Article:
Monday, January 28, 2019
Love, Love, Love
Although I have not done the data analysis, it feels like half or more of the couples whose wedding I have officiated have chosen 1 Corinthians 13 as one of the readings at the service. Before a rehearsal, if that's the case, I encourage the couple to choose their most talented reader to read Paul's treatise on love. (The romantic poem from Song of Solomon is another choice that deserves a gifted reader.) Perhaps I should tell all couples that they don't get to choose a reader--that it's my choice to make from among the readers in our parish who have been trained and set apart for that ministry--but I don't. Instead, at the rehearsal, I gently place my hand on the shoulder of the couple-chosen reader and say, "Your reading is the one couples choose the most often and the one that is hardest to do well. Read it slowly and deliberately. Proclaim it with the conviction of the apostle. And, before tomorrow's service, practice reading it out loud at least twenty times, and you'll do fine."
Once or twice, a reader has really astounded me with a gifted recitation of Paul's words. When they get it right, it's truly amazing. In that moment, it doesn't matter that Paul wasn't writing these words about romantic love or marital love but love within the Body of Christ. That larger-than-this-moment truth resonates in the words and fills the hearts and minds of the congregation. That's special. And, this Sunday, removed from any wedding, gathered as Christ's body, we hear these words as Paul may have written them--to a community of faith that is trying its best to stick together as a reflection of their true identity.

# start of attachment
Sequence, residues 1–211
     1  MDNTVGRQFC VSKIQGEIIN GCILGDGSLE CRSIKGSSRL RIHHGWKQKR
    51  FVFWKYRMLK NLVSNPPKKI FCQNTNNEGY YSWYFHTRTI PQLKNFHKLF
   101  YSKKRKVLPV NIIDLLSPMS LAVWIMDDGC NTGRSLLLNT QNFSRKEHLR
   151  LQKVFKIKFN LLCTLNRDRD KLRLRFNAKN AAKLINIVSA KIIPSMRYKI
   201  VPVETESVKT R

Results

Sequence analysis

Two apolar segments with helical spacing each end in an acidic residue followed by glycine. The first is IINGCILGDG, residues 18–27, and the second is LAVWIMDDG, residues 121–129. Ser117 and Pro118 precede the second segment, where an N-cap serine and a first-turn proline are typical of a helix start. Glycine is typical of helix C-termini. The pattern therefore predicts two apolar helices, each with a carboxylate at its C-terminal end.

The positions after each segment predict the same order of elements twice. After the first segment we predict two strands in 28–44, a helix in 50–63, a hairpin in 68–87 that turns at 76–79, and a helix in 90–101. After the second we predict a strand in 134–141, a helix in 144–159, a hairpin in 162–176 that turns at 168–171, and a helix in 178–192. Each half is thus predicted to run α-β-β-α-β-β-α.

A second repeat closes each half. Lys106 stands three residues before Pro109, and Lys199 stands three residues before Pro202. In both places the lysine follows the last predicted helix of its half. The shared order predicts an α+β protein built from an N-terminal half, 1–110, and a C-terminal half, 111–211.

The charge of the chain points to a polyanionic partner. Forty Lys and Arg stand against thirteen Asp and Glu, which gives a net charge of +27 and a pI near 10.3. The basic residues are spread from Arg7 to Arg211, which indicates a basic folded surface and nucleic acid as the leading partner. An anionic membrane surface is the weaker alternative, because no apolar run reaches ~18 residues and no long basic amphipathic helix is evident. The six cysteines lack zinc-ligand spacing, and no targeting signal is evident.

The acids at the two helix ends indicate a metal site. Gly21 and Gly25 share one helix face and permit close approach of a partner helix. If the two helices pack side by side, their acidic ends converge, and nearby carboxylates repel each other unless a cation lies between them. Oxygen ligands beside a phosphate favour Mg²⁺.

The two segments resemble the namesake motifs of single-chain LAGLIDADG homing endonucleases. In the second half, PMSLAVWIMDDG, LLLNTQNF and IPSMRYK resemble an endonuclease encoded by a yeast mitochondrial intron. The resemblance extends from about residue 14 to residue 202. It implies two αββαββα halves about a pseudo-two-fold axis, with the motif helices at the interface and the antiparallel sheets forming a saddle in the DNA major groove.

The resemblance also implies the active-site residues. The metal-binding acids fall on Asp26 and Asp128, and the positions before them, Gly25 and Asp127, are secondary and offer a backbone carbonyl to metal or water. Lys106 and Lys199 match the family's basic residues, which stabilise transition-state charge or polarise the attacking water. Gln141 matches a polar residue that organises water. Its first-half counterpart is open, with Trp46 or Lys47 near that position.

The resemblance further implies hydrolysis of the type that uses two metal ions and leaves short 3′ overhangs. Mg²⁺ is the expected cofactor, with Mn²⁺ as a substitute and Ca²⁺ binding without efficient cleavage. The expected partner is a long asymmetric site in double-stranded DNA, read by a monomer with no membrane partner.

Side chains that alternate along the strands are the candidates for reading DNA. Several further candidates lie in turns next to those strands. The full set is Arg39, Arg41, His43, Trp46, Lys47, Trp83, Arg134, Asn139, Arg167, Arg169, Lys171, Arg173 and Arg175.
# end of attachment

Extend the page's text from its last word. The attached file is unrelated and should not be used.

"Love is patient. Love is kind. Love is not envious or boastful or arrogant or rude." I wonder what it is like to be a member of a translation committee that is responsible for rendering into English what the Holy Spirit is saying through Paul's words. I wonder what it was like to be a member of the Corinthian church who first heard one of its leaders read those words from Paul. I wonder if the community paid more careful attention to them than we do when we are at a wedding. I wonder if they pierced their hearts and filled them with joy.
In this chapter of Paul's letter, he moves from a description of his ministry and love's role in filling his words to the nature of love itself before returning to his own first-person description of love's transformative power. Love is essential to the life of the Christian, Paul writes, because love itself is permanent good. And those who are filled with its power become the full children of God that they have been created and called to be.
There are several ways a preacher and congregation can hear these words this Sunday. First, we can leave them aside, allowing them to be read and heard but no more. Or we can use a few drops of this reading's power in a sermon about the controversial proclamation Jesus offers in the synagogue, making the theological connection that the love Paul has in mind is what directs Jesus' words about the good news coming to the poor in his ministry. Or we can let last Sunday's sermon on Jesus' reading from the Isaiah scroll stay in our memories while the preacher delves into this text on love, trusting that the remembrance of Jesus' sermon and this week's gospel reading will make whatever connection is needed. It's a hard choice. These are good readings. I hope we are ready to hear them.